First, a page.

There are six billion people on the planet, and one in every seven goes to bed hungry.
Oxfam is a well-known, international organization that works toward fighting statistics like this and creating lasting solutions to poverty, hunger and injustice. Starting this semester, Elon students will be able to join in the fight, and help disempowered people receive a basic human right: food.
"One of the reasons I love this organization and was really drawn to it is that they're not just going in and giving aid," said Tylre Bigbie, club president. "They're looking at the roots and providing lasting, sustaining change. They pair with the community to create something that works for them."
Oxfam's latest campaign is called Grow and is the first campaign that all Oxfam branches are collaborating on to fight hunger.
"Oxfam believes it isn't because there's not enough food on the planet, but that our current food system is corrupt," Bigbie said.
This summer, Bigbie was introduced to Oxfam, attended leadership training and was challenged to bring her insight to Elon.
"Our main goal is educating the student body," she said.
Oxfam will host two on-campus awareness events this fall. The first on Oct. 13, when campus organizations such as Amnesty International and Periclean Scholars will host dinners that promote discussion about "where our food comes from, who's producing it and what we needto do to have a more just food system," Bigbie said. Oxfam placemats will be in the dining halls that day.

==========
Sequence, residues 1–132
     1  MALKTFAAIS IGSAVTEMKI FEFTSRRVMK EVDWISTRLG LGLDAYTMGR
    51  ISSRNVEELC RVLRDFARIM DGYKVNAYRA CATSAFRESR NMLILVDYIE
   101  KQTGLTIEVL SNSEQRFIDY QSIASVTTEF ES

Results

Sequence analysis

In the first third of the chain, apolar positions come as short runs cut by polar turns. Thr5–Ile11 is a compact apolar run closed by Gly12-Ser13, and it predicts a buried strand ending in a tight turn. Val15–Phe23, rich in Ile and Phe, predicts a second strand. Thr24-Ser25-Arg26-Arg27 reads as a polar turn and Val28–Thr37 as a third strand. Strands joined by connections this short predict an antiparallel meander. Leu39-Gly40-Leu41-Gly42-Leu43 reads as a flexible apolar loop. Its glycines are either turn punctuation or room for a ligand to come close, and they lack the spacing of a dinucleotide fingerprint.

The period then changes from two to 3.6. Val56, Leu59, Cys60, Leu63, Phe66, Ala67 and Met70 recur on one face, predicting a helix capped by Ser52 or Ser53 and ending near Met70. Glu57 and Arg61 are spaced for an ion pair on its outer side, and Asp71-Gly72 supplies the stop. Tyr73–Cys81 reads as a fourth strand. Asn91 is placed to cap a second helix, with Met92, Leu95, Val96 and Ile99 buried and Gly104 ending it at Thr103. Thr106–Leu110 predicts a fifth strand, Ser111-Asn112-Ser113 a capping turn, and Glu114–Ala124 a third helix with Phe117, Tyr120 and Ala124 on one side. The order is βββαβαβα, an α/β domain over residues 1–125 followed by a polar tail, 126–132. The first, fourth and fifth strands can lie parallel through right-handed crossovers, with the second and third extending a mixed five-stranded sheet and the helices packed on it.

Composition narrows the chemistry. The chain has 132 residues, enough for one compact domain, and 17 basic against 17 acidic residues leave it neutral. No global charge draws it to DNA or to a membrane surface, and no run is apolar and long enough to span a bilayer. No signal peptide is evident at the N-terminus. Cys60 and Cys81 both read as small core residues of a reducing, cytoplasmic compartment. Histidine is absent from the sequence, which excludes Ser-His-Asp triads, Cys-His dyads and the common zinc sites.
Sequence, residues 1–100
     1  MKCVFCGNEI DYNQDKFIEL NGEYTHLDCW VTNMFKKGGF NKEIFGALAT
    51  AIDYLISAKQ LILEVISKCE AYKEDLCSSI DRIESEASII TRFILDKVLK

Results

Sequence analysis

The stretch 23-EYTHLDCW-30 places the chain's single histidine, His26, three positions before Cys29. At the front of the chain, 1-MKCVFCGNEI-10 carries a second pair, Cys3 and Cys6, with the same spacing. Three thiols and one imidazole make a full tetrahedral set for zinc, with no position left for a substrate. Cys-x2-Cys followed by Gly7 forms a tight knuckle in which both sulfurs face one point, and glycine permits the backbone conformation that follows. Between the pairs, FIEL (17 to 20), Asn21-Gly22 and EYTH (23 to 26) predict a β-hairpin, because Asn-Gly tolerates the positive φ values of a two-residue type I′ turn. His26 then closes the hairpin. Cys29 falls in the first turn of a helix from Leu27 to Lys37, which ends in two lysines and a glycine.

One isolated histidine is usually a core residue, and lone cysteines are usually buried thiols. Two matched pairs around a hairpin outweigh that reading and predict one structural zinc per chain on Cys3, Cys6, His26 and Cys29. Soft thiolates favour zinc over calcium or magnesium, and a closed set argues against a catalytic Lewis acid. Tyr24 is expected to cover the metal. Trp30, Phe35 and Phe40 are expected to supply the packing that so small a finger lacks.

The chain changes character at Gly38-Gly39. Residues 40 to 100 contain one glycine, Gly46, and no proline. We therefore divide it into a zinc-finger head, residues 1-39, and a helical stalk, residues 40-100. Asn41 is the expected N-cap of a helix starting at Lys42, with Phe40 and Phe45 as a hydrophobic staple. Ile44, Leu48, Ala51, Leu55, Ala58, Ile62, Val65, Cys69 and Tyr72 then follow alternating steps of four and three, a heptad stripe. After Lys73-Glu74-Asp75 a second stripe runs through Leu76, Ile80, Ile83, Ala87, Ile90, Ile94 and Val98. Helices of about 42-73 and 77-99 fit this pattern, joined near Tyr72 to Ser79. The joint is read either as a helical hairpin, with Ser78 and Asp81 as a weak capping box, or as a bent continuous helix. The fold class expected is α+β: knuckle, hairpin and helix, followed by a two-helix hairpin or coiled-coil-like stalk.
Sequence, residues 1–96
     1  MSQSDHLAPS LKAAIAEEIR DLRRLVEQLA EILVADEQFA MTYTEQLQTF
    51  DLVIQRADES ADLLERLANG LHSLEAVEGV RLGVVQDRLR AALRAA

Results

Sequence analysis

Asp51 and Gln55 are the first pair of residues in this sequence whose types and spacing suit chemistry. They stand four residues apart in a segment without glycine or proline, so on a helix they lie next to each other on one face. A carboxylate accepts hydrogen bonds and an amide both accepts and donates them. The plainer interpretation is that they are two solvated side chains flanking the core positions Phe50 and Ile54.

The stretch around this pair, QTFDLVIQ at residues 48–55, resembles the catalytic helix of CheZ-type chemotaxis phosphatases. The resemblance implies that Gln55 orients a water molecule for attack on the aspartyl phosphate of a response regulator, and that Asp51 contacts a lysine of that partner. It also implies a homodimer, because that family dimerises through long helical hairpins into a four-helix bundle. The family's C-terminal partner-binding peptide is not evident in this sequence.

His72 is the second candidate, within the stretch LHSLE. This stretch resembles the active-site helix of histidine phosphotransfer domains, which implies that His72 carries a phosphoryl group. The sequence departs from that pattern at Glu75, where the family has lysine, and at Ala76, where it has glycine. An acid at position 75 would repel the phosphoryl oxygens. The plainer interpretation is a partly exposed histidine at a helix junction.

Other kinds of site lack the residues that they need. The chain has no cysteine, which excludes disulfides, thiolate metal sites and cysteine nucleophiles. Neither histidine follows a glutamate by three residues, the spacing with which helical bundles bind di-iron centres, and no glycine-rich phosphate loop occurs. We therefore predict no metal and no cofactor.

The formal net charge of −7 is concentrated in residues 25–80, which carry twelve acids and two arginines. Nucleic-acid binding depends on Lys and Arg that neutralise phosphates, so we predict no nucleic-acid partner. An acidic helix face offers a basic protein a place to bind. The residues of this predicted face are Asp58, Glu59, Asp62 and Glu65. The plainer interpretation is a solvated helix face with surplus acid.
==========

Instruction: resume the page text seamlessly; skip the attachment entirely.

The second event, Oxfam Hunger Banquet, will be held Nov. 17, in conjunction with Homelessness Awareness Week. Each attendee will be given a card labeled upper, middle or lower class and the percentage of students representing each class is proportional to reality. Where students sit and eat depends on their class. The lower class will sit on the floor and will be served only rice and water. After the meal, there will be discussion.
"It's really powerful because it's a visual representation of what the world is," Bigbie said. "When I did it over the summer, half of the people in the room were crying because it was so impactful."
These issues will not just influence student life, but academics, as well. Bigbie approached Global Experience professors about Oxfam, and they're linking it to the classroom.
"The work of Oxfam connects with the common reading and lecture in interesting ways, and it is definitely related to the global themes of study, like disempowered people," said Mark Enfield, assistant professor of education and one of the many professors teaching Global Experience this semester. "Paying attention to the food system, and how do we get food, and should we be bringing it from a long distance and where does food come from? We should all be considering these questions."
The organization is looking to create a fundraiser related to the current food crisis in the Horn of Africa to be held later this semester.